Populations of a vulnerable marine mammal species, numerous species of abalone and a species of Caribbean coral are now threatened with extinctionan international conservation organization said Friday.
The International Union for Conservation of Nature announced the update during the United Nations Convention on Biological Diversity, or COP15, conference in Montreal. The union’s hundreds of members include government agencies from around the world, and it is one of the most extensive environmental networks in the world.
The IUCN uses the Red List of Endangered Species to categorize animals in danger of extinction. This year, the union is sounding the alarm about the dugong – a large and docile marine mammal that lives from the east coast of Africa to the western Pacific.
The dugong is vulnerable throughout its range, and now populations in East Africa have been red-listed as critically endangered, IUCN said in a statement. Populations in New Caledonia are listed as endangered, the group said.
The biggest threats to the animal are accidental capture in fishing gear in East Africa and poaching in New Caledonia, according to IUCN. It also suffers from boat collisions and loss of the seagrass it eats, said Evan Trotzuk, who led the East Africa Red List review.
“Strengthening community-led fisheries management and expanding work opportunities outside of fishing are essential in East Africa, where marine ecosystems are fundamental to food security and people’s livelihoods,” Trotzuk said.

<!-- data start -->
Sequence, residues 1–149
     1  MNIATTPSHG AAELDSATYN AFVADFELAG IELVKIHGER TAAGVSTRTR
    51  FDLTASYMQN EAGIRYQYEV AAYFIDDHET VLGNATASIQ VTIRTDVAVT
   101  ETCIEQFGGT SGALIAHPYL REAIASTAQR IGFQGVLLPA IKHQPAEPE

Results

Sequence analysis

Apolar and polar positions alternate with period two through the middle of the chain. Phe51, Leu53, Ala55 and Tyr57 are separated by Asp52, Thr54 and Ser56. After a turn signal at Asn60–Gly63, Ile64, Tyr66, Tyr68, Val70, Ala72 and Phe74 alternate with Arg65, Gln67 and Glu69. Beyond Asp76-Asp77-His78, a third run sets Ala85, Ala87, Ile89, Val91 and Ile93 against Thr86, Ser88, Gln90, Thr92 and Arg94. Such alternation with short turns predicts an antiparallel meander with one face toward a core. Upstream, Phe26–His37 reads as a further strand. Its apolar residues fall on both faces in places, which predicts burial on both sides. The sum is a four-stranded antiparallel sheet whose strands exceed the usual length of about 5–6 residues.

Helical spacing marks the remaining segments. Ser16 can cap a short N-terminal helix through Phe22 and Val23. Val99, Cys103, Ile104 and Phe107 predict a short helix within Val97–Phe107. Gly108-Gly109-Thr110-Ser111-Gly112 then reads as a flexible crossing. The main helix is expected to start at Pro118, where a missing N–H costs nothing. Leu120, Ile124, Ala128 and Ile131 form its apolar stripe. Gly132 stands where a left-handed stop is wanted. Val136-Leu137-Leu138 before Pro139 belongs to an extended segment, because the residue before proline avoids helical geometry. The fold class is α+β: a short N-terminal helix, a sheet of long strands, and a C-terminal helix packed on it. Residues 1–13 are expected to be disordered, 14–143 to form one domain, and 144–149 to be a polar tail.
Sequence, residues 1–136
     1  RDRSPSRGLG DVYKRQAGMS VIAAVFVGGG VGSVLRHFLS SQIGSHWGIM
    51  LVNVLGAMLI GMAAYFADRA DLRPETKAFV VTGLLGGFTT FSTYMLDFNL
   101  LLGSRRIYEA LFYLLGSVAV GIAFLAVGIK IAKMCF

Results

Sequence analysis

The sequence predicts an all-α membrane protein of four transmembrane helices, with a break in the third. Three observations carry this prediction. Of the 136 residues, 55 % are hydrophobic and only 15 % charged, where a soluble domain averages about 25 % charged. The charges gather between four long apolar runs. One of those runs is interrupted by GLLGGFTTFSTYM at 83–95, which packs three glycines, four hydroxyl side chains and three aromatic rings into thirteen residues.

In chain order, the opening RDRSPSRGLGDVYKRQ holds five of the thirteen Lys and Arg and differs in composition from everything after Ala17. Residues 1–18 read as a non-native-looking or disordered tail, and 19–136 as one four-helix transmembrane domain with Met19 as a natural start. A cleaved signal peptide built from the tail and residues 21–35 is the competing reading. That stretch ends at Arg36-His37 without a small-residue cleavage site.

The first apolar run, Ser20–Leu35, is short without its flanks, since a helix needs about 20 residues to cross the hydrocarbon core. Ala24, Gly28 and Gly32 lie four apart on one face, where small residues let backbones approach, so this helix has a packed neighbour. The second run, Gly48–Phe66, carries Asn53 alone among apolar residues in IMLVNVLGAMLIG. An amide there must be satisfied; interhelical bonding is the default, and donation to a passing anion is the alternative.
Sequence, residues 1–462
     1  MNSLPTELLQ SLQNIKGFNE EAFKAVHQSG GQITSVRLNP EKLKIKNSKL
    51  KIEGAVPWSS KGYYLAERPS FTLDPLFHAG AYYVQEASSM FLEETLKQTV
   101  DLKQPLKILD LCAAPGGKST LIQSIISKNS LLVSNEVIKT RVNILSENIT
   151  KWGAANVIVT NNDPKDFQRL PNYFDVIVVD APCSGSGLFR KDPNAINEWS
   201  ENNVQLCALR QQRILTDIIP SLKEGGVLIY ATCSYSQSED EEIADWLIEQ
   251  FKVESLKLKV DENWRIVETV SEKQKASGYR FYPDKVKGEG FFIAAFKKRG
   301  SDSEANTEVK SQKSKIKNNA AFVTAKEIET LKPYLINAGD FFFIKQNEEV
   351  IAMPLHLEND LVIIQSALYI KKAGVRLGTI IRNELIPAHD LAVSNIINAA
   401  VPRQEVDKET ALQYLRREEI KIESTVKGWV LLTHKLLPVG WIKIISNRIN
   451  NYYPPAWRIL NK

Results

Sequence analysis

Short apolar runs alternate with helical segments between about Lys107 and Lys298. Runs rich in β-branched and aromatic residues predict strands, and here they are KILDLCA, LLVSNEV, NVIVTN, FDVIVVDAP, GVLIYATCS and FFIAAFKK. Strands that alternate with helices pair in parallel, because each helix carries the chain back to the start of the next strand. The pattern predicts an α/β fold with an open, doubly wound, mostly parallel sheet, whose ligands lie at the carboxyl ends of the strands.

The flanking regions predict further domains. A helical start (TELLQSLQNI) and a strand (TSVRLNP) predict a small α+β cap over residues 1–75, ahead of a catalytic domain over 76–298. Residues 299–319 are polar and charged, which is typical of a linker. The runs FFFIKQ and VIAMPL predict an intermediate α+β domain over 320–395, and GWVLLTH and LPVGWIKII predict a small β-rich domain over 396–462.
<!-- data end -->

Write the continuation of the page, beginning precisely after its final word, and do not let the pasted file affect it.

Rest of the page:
The IUCN Red List lists more than 150,000 species. The list sometimes overlaps with those listed under the US Endangered Species Act, as in the case of the North Atlantic right whale. According to IUCN, more than 42,000 species on the Red List are threatened with extinction.
IUCN uses several categories to describe an animal’s status, ranging from “least concern” to “critically endangered”. IUCN typically updates the red list two or three times a year. This week’s update includes over 3,000 redlist additions. Of these, 700 are threatened with extinction.
Jane Smart, head of IUCN’s Center for Science and Data, said political will is needed to save the endangered species, and the severity of the new listings could serve as a clarion call.
“The news we give you a lot of the time about this is a lot of the time bleak, a little bit depressing, but it spurs the action, which is good,” Smart said.
Pillar coral, found throughout the Caribbean, has been moved from Vulnerable to Critically Endangered in this week’s update. The coral is threatened by a tissue loss disease and its population has shrunk by more than 80% over most of its range since 1990, according to IUCN. The IUCN lists more than two dozen corals in the Atlantic Ocean as critically endangered.
Nearly half of the Atlantic Ocean’s corals are “at increased risk of extinction due to climate change and other impacts,” Beth Polidoro, an associate professor at Arizona State University and red list coordinator for IUCN.
Unsustainable harvesting and poaching have emerged as threats to abalone, which is used as seafood, IUCN said. Twenty of the world’s 54 abalone species are threatened with extinction according to the first global assessment of the red-listed species.
Threats to the abalone are exacerbated by climate change, disease and pollution, the organization said.
“This red list update brings to light new evidence of the many interacting threats to declining marine life,” said Jon Paul Rodríguez, chair of the IUCN Species Survival Commission.
Follow Patrick Whittle on Twitter: @pxwhittle
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